YANGON – Sittwe district police chief Lt-Col Win Naung said suspects have not yet been apprehended in a mob attack on Tuesday that left one Muslim man dead, despite the presence of a police escort on the scene.
Police officials declined to release a statement from the police private who accompanied seven Muslim Rohingya men from the Dapaing camp for internally displaced people to Ywar Gyi Mrauk quarter, a neighborhood with a Rakhine Buddhist majority. Earlier, the group had traveled to the city to witness a trial at the township courthouse, two kilometers from the site of the attack.
The Lt-Col admitted that the private assigned to the duty from the No. 2 police station was unarmed and had fled the mob attack, and said that he felt powerless to stop the aggression.
“We are still investigating the incident and will release a statement later,” he said.
Home affairs ministry spokesperson Col Myo Thu Soe told Reuters on Wednesday that they had already questioned the junior policeman who was present during the attack. He said he had tried to prevent the violence, but was unsuccessful as he had no weapon, and therefore ran back to the police station.
A police official told The Irrawaddy over the phone that they normally would provide an armed escort when IDPs travel to downtown Sittwe or to the market.
Dapaing camp resident U Saw Lwin, who identifies himself as Rohingya, told The Irrawaddy that nearly 100 armed soldiers, including police, had arrived with around a dozen trucks in his village on Tuesday night to bring back the body of the man who had been killed, Maung Nu—also known as Monir Ahmad, aged 55. They also dropped off four others who had survived. Two more men remain hospitalized.
According to a statement from the State Counselor’s Office Information Committee, Cpl Naing Naing and Private Soe Win had transported local community leader U Myint Naing from Dapaing camp by car in order for him to testify at a township courthouse for an ongoing case on Tuesday. But a private minivan carrying seven other men came after the police van to the court without informing the security team at Man Si checkpoint.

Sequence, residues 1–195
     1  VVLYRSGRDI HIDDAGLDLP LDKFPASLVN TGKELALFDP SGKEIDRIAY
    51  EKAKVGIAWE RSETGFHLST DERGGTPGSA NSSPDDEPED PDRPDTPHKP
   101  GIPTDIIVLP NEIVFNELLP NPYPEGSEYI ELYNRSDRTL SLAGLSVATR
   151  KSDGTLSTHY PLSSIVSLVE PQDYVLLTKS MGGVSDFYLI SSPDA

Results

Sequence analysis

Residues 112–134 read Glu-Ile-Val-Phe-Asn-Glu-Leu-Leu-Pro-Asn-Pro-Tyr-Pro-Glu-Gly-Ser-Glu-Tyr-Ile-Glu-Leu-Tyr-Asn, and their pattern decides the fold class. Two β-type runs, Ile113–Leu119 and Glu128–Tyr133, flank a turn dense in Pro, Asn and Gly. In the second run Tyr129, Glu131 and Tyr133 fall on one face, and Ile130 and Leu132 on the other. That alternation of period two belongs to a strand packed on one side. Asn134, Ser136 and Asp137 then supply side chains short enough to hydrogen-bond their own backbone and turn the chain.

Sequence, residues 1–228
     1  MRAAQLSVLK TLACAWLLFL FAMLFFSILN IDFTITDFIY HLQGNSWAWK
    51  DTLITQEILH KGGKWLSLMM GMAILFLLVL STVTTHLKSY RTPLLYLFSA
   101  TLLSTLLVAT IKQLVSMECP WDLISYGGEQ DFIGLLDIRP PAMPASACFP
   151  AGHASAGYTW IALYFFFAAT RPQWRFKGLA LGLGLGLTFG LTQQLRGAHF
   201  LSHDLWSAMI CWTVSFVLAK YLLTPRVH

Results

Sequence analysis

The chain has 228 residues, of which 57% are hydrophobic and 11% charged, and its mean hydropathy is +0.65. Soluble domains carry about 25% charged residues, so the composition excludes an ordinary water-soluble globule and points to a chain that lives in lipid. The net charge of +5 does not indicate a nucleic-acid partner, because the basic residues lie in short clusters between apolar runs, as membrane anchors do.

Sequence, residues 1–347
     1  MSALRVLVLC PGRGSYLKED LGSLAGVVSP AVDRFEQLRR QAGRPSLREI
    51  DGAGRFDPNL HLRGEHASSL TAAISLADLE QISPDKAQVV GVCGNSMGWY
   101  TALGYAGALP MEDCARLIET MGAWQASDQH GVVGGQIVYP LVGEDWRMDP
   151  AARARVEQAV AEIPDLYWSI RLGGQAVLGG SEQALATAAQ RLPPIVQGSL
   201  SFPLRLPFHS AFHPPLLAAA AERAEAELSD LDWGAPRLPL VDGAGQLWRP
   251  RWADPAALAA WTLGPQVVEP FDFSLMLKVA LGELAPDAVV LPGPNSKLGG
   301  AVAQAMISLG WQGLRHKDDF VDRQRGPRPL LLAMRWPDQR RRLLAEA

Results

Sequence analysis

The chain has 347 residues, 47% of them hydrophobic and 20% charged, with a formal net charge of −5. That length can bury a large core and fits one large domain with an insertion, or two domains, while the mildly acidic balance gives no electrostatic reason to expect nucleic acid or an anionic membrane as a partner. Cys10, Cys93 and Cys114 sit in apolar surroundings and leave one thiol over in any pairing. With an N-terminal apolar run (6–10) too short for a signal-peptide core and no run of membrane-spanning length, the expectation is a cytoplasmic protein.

Authorities do not allow Muslims to enter Rakhine quarters or to shop at the town market. Buddhist Rakhine are also prohibited from visiting Muslim wards without police permission.
After the trial break on Tuesday, the group of seven Muslims went to No. 2 police station in Sittwe to request security for their return. Police Lt Kyaw Moe, who was recently promoted to serve as head of the station, sent a police private to accompany them.
Town residents typically use the Mayu main road to exit the downtown or to visit Muslim villages located outside of the town. However, on Tuesday the group of Muslim men and the police private were attacked on U Ottama Street in the Rakhine quarter of Ywar Gyi Mrauk, which is in the opposite direction of the return, according to a policeman who spoke to The Irrawaddy on the condition of anonymity.
The State Counselor’s Office statement did not elaborate on how the group ended up there, but stated that the Muslim men had gone to buy an old boat at Yaung Ni Oo jetty. While the men were looking at the boat, a mob reportedly began throwing bricks at them. One was killed on the spot and others were injured.
The government statement did not mention the name of private who was assigned as the security escort, although the victims’ names were published. The Irrawaddy asked authorities several times to provide further detail about the incident, but were not provided with additional information.
Residents from Sittwe and Muslim villagers confirmed that the situation has returned to how it was before the incident, and that the authorities have deployed security forces in the town.